It was a less-than-inspiring week one performance from Freeman (15/31 for 210 yards with one score and one interception), but I’m willing to chalk to an outstanding performance by the Jets run defense. The Bucs had no success on the ground (Doug Martin: 26 touches for 64 yards), something that we assume Freeman will have the benefit of most weeks. I’m encouraged by the fact that he was able to get Vincent Jackson and Mike Williams the ball (both recorded 15-plus fantasy point days) against very solid corners for the Jets. He’s still playing for his NFL future, he still plays in the NFC South, and he still has an elite tailback behind him. Things will get better for the Bucs signal caller, as the circumstances from a weird week one should prove to be an oddity and not the norm.
Andre Brown, New York Giants (Yahoo: 18% owned; ESPN: 26.7%) – 5% of FAAB
I’ve been around fantasy football for a while, but I have never seen a running back with a fractured leg gain as much value as Brown did as a result of Sunday nights debacle in Dallas. Before you get too excited, Brown is on the short-term IR list, meaning the earliest he can return to action is Week 10 due to New York’s Week 9 bye.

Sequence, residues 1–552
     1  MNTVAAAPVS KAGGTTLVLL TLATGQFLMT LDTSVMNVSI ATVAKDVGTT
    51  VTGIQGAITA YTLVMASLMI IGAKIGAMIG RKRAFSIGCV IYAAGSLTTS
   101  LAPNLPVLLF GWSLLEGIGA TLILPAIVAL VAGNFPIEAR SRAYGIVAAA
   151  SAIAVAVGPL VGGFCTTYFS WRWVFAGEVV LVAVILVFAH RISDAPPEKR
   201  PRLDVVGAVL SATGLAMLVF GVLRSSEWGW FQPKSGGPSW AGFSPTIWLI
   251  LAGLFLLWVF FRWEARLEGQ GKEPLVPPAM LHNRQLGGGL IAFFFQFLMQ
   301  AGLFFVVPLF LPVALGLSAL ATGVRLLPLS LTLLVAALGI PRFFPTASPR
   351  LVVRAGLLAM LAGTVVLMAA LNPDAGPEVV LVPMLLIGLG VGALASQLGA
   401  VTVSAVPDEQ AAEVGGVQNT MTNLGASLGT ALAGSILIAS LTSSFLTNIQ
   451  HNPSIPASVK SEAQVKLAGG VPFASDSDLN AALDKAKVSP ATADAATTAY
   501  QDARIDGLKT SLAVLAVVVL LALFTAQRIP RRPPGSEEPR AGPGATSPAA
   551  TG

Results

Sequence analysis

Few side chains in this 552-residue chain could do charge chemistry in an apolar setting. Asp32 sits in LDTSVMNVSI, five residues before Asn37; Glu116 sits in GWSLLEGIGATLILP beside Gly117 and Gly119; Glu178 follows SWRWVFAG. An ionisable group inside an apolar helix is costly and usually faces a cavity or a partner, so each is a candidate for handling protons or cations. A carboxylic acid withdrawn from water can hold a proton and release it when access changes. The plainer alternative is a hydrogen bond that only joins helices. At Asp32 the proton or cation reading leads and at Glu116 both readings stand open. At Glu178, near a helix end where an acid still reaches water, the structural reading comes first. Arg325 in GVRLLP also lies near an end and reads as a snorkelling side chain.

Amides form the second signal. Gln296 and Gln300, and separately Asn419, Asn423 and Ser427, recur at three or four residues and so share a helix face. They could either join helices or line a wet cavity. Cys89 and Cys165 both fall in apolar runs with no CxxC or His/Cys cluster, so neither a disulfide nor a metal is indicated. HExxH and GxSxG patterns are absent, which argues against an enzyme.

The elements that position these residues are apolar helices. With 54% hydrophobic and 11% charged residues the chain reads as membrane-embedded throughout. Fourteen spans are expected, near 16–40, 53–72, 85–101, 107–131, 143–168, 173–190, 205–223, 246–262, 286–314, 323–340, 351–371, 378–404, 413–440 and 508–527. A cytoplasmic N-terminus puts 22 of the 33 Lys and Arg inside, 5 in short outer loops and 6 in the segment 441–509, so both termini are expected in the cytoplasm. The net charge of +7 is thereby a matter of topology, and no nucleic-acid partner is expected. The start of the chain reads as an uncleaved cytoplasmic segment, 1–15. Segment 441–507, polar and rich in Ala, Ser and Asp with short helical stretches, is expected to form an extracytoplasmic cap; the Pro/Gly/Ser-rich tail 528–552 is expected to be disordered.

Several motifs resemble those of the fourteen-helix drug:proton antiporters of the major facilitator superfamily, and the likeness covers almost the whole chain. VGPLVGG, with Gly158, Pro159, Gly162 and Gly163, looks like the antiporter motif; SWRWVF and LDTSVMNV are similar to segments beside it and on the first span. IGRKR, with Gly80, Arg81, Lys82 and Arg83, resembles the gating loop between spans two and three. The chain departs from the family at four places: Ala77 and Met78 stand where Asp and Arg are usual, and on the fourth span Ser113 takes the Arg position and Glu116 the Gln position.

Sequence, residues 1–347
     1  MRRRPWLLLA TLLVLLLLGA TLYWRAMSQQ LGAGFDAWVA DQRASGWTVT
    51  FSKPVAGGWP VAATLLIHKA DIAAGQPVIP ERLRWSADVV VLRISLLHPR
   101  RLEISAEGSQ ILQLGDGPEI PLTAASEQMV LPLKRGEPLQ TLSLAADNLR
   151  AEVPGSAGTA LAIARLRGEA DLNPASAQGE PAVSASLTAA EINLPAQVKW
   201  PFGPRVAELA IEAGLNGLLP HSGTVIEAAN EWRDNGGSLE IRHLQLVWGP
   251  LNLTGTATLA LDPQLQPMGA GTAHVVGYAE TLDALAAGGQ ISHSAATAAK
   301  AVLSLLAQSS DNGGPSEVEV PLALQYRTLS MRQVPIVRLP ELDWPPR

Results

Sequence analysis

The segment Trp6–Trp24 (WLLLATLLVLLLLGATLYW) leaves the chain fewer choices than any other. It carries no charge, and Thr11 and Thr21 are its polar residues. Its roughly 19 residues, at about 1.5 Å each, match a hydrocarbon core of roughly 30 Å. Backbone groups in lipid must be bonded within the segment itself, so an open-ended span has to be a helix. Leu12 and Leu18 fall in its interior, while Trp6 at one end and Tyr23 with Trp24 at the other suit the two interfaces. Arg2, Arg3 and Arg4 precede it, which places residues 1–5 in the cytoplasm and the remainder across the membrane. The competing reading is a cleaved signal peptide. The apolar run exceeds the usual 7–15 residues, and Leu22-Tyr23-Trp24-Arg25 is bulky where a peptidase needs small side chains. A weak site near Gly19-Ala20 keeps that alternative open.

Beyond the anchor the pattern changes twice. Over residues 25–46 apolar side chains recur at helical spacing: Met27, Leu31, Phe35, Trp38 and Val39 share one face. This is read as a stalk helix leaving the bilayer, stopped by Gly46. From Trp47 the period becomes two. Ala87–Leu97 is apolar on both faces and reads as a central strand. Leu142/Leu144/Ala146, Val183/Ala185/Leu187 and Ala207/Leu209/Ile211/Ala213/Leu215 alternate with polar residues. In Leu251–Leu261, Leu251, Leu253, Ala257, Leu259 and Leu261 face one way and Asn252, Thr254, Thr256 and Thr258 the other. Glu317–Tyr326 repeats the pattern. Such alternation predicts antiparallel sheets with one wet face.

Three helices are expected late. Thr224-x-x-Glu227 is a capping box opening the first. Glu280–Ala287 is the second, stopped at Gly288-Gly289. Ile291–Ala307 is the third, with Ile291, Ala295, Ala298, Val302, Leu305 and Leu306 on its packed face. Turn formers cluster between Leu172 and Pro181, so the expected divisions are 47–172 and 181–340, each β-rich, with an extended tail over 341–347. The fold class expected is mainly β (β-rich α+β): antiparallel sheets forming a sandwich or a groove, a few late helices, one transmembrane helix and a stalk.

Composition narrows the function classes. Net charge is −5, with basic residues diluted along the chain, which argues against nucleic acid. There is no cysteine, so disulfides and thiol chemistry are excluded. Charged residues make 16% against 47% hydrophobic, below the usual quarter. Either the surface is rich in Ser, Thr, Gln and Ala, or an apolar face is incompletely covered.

That being said, he is a powerful runner who has the size (6’0” 227 lbs) to handle a heavy workload. And get this: he has never lost a fumble! Tom Coughlin is known to hold grudges when it comes to turning the ball over (ask the 2012 version of David Wilson), so you’d have to imagine that Wilson and Da’Rel Scott are on thin ice at best. Eli Manning is a good quarterback, but he is not the type to win games by throwing the ball 50 times. The threat of a run game needs to be there for Manning to be effective, making whoever the ball carrier is of fantasy interest. I like the idea of stashing Brown (worst case, he returns as the touchdown vulture he was expected to be) or even taking a flier on running backs rumored to be on the Giants radar (Brandon Jacobs or Willis McGahee).